“You Change Your Valley Into A Peak When You Find And Use The Good That Is Hidden In The Bad Time.”
– Spencer Johnson
The following post has been written over the course of the past week, and is a journey through understanding and responding to sadness. It transforms and grows as you read through it, and my hope as always is that it connects with each person who reads it
I have felt downhearted more times in the past few years than I can recall. Some of the loneliest and saddest times have peaked as well. Be it a form of depression, feeling meaningless, or just feeling unimportant and ineffective; Today though, I find myself in a space of reflection and insight. While currently in the middle of this struggle, hope is also present.
This post is not intended to discourage, on the contrary, the intent is to encourage through transparency. Being transparent with our struggles is the only way to have a meaningful conversation about the inner workings of our heart, the feelings we experience, and the impact it has on our life. Therefore, I will be as honest as I can with the state I am in, in the hopes that it connects and empowers you the reader as I seek to connect and seek empowerment as well.
The theme of this article will be about the effects of sadness, and the power it has to teach us. At the core, sadness may be the greatest indicator of our purpose. You cannot be sad without trying to identify the source of it, because we desire joy and peace; and once you find the source, you find a choice. A response is needed: do we just lay down and accept that things just are what they are, or rise up and choose to do the work that must be done to climb out of the muck and the mire.
Sadness is necessary to move forward. In Disney’s movie Inside Out there is a scene where the character Sadness has to step in and help another character (Bing Bong) come to grips with the change that has taken place in his life.
He cannot go on, and the character Joy has done everything in her power to help cheer him up. Sadness steps in, and instead of trying to cheer him up; she simply sits with him and acknowledges that his sadness is justified. In this simple act, she helps him accept that what has happened as the past, and she helps him get through the feeling of giving up in a way that the character Joy could not. He finds a new strength at this point of the movie. He finds the ability to move on, and team with Joy once again.
Sadness has it’s place in our life, and it has an important role in our growth and our purpose.
A common theme and open struggle that I’ve shared in previous blog posts, is my current inability to be comfortable being alone. I have come to understand that this longing for constant community comes from deep inside of me. I grew up as what I thought what was an introvert, and it turned out that I was actually just a shy extrovert; so the feeling of being torn when alone has been in my life since my adolescent days. I developed a habit of wanting to be involved, but being too scared to step out and join. I eventually became more comfortable with stepping out, but the habit of longing for more connection and involvement has stuck around. So there are times I find myself in a state of sadness because I feel disconnected, but I can see sadness as a teacher.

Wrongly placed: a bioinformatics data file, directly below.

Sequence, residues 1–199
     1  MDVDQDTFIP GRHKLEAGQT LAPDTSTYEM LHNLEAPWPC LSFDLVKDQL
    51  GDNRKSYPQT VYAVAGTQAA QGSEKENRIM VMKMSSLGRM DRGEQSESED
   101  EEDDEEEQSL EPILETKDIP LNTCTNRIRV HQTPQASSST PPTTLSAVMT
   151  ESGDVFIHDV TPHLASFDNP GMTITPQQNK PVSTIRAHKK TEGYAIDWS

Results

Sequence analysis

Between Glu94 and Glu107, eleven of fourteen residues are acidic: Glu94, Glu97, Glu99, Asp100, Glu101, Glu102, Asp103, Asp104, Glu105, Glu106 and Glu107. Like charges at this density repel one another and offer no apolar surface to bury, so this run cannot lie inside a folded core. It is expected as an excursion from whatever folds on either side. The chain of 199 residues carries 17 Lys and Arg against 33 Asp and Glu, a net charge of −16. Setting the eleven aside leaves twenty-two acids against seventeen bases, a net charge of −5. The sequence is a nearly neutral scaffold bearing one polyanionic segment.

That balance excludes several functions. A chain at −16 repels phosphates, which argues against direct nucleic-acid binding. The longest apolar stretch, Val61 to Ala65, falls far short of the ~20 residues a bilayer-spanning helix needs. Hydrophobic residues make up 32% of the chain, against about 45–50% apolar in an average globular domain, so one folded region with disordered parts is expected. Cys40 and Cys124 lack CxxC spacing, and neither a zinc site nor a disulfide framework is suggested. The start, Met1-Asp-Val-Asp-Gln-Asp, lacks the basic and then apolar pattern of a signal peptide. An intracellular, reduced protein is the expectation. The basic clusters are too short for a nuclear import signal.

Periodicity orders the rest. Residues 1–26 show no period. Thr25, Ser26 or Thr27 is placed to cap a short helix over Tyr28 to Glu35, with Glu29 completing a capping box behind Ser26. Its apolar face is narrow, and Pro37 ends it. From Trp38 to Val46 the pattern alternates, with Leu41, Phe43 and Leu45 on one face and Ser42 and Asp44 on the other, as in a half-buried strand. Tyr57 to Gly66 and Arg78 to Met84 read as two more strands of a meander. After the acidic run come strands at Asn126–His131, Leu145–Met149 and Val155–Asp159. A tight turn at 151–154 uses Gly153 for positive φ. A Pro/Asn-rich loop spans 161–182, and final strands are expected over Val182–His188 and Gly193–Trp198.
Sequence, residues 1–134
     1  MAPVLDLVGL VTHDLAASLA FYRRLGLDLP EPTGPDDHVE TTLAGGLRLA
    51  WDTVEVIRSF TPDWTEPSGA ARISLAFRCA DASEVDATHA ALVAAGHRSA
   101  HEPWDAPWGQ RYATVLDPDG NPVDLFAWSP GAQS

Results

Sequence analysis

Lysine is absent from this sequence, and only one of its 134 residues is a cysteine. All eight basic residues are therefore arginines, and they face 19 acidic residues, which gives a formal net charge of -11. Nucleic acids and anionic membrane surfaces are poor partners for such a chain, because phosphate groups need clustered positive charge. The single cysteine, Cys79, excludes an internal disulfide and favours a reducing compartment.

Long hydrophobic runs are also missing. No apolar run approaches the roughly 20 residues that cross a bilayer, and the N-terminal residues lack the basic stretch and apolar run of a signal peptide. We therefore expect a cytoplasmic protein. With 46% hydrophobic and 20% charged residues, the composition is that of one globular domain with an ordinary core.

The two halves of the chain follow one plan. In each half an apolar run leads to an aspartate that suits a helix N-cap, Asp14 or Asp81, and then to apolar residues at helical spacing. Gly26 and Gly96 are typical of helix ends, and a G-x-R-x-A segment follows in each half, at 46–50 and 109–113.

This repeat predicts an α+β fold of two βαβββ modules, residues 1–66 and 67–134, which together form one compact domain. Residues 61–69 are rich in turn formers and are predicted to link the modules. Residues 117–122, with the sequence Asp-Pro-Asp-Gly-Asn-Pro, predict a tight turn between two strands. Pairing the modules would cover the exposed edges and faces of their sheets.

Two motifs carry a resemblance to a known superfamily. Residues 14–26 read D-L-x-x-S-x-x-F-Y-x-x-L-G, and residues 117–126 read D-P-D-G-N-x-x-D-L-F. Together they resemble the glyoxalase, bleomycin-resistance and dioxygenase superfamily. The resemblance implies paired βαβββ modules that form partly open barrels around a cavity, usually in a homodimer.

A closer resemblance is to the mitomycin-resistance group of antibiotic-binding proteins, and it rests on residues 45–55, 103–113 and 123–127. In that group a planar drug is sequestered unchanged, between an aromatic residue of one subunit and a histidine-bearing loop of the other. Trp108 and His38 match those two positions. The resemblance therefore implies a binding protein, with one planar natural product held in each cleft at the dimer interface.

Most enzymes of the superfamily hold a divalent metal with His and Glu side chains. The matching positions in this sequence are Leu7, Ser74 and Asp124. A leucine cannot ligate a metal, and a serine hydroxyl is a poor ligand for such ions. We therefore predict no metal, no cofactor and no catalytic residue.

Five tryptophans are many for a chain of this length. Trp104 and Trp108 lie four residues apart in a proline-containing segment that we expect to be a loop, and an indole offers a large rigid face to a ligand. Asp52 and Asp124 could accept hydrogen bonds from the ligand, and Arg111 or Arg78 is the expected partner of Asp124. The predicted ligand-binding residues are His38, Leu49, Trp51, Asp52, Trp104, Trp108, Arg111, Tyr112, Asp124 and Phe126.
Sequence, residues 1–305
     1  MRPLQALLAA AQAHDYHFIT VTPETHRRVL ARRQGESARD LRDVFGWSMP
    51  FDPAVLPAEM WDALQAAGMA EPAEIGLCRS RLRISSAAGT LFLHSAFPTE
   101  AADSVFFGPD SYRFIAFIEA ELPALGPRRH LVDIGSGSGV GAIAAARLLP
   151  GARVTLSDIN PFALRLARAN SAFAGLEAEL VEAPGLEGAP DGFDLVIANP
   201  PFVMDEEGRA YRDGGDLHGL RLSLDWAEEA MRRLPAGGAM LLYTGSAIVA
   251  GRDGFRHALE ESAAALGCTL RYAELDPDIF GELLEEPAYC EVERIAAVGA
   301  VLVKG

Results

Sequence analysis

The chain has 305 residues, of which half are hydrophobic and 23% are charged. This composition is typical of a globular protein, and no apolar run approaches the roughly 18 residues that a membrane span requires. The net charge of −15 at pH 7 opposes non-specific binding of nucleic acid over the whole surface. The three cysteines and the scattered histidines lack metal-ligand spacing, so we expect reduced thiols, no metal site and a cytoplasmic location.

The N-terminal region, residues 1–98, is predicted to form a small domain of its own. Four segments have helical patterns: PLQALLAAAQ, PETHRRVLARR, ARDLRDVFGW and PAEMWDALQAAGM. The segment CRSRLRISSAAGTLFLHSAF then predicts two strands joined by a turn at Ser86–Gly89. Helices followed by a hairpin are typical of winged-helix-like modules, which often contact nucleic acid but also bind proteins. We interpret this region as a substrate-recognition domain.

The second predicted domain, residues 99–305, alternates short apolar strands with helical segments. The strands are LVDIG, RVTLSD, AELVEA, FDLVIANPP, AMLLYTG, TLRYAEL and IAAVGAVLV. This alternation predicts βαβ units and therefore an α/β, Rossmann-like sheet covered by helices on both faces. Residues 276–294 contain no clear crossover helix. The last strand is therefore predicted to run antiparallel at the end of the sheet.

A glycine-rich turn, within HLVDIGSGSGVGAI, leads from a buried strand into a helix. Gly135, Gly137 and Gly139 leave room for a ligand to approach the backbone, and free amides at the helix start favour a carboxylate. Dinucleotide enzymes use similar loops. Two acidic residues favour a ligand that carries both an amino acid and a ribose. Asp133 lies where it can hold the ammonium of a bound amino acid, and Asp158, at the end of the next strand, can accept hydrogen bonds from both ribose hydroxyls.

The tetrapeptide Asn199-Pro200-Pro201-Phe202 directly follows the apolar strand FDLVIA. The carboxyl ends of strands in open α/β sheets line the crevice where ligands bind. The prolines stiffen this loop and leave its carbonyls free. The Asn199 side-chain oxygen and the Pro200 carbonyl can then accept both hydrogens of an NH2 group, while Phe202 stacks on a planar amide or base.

Here are five things sadness has taught me:
1. Aloneness is a part of life; so there must be a level of acceptance in those times. There are opportunities to grow in knowledge, strength, or creativity. Whether it is reading, writing, playing guitar, exercising, or being still; all of these activities are beneficial for me and ignite hope within me. I have written about loneliness and solitude in previous posts.
2. Sadness is a window into the soul. If you want to know what you desire, be attentive to your feelings. Just as energy and excitement in a station let’s you know you like what’s happening, sadness shows you what you need.
3. Take the time to grieve an unfortunate situation. There is a time for sadness, and we do need to acknowledge when a situation arises in life that brings heartache. Whether it is the death of a loved one, a personal injury, a missed opportunity, a feeling of failure, or the state of our nation; take the time to process that feeling inside.
4. Do something about it. If feeling disconnected from community, put forth the effort to connect. If grieving a death, remember that life and ask what they would have you do in this time. If you don’t like the state of our nation or environment, take baby steps toward making a difference. Do not let hopelessness take over.
5. Sadness calls us to be intentional, and that is why I choose to write about it today. “If you fail to plan, you plan to fail” is a quote that holds a lot of truth. We can blaze a path through this life, we can even choose which path to follow; but if we are unintentional about our decisions, we forfeit ownership of the direction of our life.
I have learned so much while writing this article over the past week. I started in a state of despondency, hoping for insight to move toward meaning; and today, I find myself hopeful. There is a fine line between heartache and hopelessness, and we must recognize the difference, because there is always hope. I thank you for reading this article, and that it brings hope if you are in need; or in the very least, it will challenge you give sadness it’s place when it comes to you.